Thomas Jefferson Papers

George Gibbs to Thomas Jefferson, 11 March 1817

From George Gibbs

New-York Institution, March 11. 1817.


By request of the Mineralogical Committee of the New-York Historical Society, I have the honour to forward to you a notice of their intention to form a collection of the minerals and fossils of the United States. The object of this undertaking being of great public utility, they trust that it will meet with general encouragement. Allow me, Sir, in their behalf, to request of you such donations of minerals and petrefactions of the United States as you may have it in your power to procure for us, and such information as yourself or friends may possess of the mineralogy of any part of the United States.

I have the honour to be, Sir, very respectfully, Your obedient servant,

George Gibbs Chairman.

RC (ViW: TC-JP); printed circular, with month, day, final digit of year, and Gibbs’s signature in his hand; with enclosure subjoined; at head of text: “(CIRCULAR.).” RC (MHi); address cover only; with PoC of TJ to Lancelot Minor, 3 June 1817, on verso; addressed in Gibbs’s hand: “Thomas Jefferson Esqr Monticello Virginia”; franked; postmarked New York, 15 Mar.

George Gibbs (1776–1833), mineralogist and patron of science, was born in Newport, Rhode Island. His father, expecting him to follow in the merchant-shipping business from which the family derived its wealth, sent him to China in 1796. The younger Gibbs, however, preferred travel and mineralogy. He toured, studied, and amassed a mineral collection in Europe, 1801–05. When Gibbs returned to the United States, his holdings of mineral specimens were the largest in North America, and he opened them to scholars for study. By 1812 his friendship with Professor Benjamin Silliman led him to place a portion of the collection on deposit at Yale College (later Yale University), and in 1825 the school purchased it in its entirety for $20,000. Gibbs also funded student prizes at Yale and encouraged Silliman to found the American Journal of Science and Arts. He died at his estate on Long Island and was buried in Portsmouth, Rhode Island. The mineral gibbsite is named in his honor (ANB description begins John A. Garraty and Mark C. Carnes, eds., American National Biography, 1999, 24 vols. description ends ; DAB description begins Allen Johnson and Dumas Malone, eds., Dictionary of American Biography, 1928–36, 20 vols. description ends ; WHi: Gibbs Family Papers; OED description begins James A. H. Murray, J. A. Simpson, E. S. C. Weiner, and others, eds., The Oxford English Dictionary, 2d ed., 1989, 20 vols. description ends ; Newport Mercury, 10 Aug. 1833; American Journal of Science and Arts 25 [1834]: 214–5).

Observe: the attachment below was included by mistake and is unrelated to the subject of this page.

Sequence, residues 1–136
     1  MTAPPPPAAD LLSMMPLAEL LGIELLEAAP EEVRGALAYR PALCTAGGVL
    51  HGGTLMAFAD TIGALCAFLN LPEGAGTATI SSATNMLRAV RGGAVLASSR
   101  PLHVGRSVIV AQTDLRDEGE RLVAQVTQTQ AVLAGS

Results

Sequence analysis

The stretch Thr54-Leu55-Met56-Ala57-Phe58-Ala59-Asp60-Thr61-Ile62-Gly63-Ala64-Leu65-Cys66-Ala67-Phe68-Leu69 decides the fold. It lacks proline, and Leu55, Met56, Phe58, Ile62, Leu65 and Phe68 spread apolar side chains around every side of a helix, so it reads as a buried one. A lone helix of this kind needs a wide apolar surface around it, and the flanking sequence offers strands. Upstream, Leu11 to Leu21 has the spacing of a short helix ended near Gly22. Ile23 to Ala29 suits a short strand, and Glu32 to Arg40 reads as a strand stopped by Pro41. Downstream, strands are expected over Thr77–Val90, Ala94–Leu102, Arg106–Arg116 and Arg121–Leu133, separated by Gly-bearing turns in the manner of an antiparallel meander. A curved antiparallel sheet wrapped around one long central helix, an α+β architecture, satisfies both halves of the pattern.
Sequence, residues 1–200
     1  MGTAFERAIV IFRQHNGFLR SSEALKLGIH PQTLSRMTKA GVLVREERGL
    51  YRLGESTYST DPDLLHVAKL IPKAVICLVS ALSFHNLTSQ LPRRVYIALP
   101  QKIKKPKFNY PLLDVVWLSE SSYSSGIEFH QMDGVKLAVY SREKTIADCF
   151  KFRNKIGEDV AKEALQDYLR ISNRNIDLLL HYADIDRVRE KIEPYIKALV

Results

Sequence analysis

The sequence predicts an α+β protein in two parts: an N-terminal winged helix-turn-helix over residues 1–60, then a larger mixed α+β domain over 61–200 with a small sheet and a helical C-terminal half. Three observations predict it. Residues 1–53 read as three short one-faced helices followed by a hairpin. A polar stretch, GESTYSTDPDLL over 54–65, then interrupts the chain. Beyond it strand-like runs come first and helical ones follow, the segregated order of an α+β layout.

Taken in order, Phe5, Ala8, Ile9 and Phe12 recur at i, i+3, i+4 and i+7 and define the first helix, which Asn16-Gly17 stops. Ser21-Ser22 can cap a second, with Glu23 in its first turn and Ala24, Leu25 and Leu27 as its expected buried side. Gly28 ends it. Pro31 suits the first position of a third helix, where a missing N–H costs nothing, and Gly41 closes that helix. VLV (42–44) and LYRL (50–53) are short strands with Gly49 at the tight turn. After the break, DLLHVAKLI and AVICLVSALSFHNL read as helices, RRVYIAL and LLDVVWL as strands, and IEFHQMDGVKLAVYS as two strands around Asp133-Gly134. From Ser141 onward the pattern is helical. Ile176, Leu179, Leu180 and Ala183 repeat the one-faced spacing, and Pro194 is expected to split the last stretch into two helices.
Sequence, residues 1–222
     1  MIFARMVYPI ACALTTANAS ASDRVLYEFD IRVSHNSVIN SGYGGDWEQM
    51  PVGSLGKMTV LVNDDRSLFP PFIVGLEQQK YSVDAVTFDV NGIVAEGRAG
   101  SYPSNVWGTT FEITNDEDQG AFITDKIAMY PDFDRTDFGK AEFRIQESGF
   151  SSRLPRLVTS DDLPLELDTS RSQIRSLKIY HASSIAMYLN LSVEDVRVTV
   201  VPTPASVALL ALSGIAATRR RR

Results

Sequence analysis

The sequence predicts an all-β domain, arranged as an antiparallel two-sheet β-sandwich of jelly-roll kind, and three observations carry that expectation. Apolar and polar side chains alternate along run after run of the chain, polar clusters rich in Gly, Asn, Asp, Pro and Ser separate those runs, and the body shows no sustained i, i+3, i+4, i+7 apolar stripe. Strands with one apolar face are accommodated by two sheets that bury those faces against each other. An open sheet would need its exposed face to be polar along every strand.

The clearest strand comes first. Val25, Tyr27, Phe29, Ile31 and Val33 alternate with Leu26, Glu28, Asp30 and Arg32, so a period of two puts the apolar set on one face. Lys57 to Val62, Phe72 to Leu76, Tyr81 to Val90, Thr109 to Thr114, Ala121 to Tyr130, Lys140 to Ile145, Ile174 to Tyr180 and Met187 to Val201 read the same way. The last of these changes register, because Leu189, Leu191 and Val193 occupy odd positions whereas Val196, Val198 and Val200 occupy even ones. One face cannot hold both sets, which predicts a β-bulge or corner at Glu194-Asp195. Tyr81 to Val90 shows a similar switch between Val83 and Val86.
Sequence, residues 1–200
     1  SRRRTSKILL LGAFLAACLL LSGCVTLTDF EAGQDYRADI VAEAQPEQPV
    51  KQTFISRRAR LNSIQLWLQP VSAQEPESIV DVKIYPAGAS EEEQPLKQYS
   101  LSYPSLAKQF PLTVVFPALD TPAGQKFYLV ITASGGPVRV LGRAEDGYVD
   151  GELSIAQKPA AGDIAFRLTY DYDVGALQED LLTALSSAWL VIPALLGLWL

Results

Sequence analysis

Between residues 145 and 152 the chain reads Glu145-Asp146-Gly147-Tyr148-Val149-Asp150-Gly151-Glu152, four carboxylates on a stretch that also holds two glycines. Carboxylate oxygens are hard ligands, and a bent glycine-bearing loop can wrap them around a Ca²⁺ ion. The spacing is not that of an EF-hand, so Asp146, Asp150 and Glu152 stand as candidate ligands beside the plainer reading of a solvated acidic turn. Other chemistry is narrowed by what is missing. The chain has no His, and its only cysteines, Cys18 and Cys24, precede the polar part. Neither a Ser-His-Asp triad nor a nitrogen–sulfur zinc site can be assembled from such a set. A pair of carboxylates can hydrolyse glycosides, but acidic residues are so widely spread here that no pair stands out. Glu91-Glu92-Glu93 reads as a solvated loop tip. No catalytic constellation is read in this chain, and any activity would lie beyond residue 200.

Index Entries

  • fossils; and New-York Historical Society search
  • Gibbs, George; and New-York Historical Society search
  • Gibbs, George; identified search
  • Gibbs, George; letter from search
  • mineralogy; and New-York Historical Society search
  • New-York Historical Society; mineralogical committee of search